I’ve been thinking a lot about how historical—historically crappy, but history-making nonetheless—this current crises we’re all experiencing is. As my daughter watches the new Wash Your Hands With Baby Shark video for the umpteenth time, I’m struck by how we’re living in moments that will probably end up being recorded in school textbooks.
You know how you buy something for a special occasion and forever after associate it with the reason you bought it? A dress for someone’s wedding, a top for a first date, a pendant for your firstborn. I’ve done all those things too. Except now the things I buy to clothe or accessorize myself aren’t so much for a special event as they are just for life as we know it. The new leopard-print matching joggers and sweatshirt that just came in the mail (in a package that sat for a few days to degerm and still induced anxiety to open)—that’s my quarantine suit. Ordinarily, our family gets new pajamas twice a year—Christmas and spring. But my husband just got new ones, because I couldn’t stand seeing the same ones over and over and over (mix up that working-from-home attire, know what I mean?). Anyway, so now, instead of those being Christmas or Easter pj’s? Quarantine pajamas. That’s what they are now and always will be.
And jewelry is a lot like that too. I, along with a lot of customers, tend to buy pieces to mark occasions. Since my daughter was born, I’ve begun the tradition of treating myself to a piece to mark each birthday (I insist that it’s my birthday too). For her second birthday—Monday—I’m looking at a diamond necklace. Sure, it’ll be remembered as the piece I got when she turned two, but—and I’m sure you see where this is going—it’ll be that one necklace I bought to wear on day 34 of being stuck at home—my quarantine necklace.
Don’t think this is all bad—it isn’t. We can look at these things and remember how much this all sucked, but we can also look at them and think how fortunate some are to be able to even be buying stuff right now. And—here’s the bottom line—we can just think that for a moment, getting something new, whether to mark a place in time or not, made us feel really good, as jewelry often has the power to do.
We will all have keepsakes like this. But some are more literal than others, outwardly representing the times. One such example is a collection of jewelry from Évocateur. Choose from a disc necklace in three sizes (1 inch, 1.5 inches, or 2 inches) or one of the fashion brand’s signature cuffs (also ranging in width from 1 to 2 inches), each in 22k gold leaf or sterling silver. Featuring a riff on the popular British morale booster from World War II, the collection’s phrase “Keep Calm and Quarantine” is not only good advice, it’s a time stamp that leaves no room for guesswork—we know, and will know years into the future, this era to which it refers.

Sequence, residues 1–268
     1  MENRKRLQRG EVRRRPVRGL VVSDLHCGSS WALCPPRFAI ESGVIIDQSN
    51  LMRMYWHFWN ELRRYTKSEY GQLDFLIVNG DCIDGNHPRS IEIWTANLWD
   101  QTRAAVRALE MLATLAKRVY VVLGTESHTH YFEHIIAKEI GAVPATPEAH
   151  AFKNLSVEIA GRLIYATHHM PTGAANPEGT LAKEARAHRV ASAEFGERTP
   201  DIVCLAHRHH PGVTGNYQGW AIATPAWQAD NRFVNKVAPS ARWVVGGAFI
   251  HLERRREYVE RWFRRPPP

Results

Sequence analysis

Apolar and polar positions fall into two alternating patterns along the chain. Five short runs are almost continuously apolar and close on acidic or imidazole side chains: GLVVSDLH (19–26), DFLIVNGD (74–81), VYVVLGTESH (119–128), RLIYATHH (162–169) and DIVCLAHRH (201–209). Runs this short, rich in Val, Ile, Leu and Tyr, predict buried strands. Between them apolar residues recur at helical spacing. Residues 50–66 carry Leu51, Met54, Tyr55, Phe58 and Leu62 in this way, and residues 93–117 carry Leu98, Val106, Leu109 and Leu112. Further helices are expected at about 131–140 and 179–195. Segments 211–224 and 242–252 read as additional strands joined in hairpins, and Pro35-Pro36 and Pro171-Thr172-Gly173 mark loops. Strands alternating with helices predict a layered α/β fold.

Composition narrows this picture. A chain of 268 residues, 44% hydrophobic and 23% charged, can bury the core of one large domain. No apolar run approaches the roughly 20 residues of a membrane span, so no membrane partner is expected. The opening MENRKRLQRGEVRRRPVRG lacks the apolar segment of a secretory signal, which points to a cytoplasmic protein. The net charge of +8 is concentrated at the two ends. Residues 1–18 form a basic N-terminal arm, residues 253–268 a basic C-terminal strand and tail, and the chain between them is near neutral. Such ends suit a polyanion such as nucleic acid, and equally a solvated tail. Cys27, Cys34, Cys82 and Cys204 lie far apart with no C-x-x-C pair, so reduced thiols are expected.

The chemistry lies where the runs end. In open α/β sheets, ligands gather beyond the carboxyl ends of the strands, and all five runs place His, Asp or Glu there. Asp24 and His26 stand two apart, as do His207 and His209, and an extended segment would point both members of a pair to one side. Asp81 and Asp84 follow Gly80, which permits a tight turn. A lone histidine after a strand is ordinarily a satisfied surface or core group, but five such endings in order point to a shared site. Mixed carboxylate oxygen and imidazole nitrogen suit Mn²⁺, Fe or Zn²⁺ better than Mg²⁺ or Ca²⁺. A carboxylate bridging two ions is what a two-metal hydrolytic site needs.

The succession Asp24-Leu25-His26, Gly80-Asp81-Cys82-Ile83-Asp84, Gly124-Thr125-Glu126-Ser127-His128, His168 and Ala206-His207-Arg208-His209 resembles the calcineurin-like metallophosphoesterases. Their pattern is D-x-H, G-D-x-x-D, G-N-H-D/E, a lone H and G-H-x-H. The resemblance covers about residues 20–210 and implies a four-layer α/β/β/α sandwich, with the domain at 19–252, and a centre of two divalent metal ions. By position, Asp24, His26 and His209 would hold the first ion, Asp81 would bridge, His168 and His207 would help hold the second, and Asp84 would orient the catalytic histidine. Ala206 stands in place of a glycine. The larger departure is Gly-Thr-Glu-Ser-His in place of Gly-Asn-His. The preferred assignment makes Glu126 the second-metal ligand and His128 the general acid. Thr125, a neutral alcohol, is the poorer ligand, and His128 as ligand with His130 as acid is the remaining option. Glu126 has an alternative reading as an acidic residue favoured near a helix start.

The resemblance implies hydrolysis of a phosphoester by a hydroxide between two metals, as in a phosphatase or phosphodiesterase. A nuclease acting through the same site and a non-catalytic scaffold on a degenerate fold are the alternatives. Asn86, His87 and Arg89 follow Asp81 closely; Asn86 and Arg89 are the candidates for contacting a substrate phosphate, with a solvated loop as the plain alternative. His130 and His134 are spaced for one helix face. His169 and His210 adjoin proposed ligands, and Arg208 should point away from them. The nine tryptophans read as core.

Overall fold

Not only is this an “I was there” item that could take its place among the paraphernalia of museums of the future, it benefits a good cause—50% of all profits from its sales goes to benefit No Kid Hungry, the organization dedicated to getting healthy food to kids in need. No Kid Hungry is one group that has had to step up its game even more, as there is a soul-crushing number of children out there who aren’t getting access to enough food now that schools are closed.
Like many brands, the Connecticut-based Évocateur is having to grapple with mandated closures and stay-at-home orders, but that isn’t stopping them from working to get these out. “We are shut down, but I have a skeleton crew working from home to get these pieces done,” founder and designer Barbara Ross-Innamorati tells me.
These pieces are like the little cheerleaders at the pep rally—the one for “Team Stay Home”—decorating its members like pride-worthy patches. It would be great to see people wearing these and designs in this same spirit, a signal to everyone that we’re all in this together, and we’re all still wearing our jewelry. That the pieces are being made to assist in donations to a very worthy and especially important cause makes it all the more fitting.
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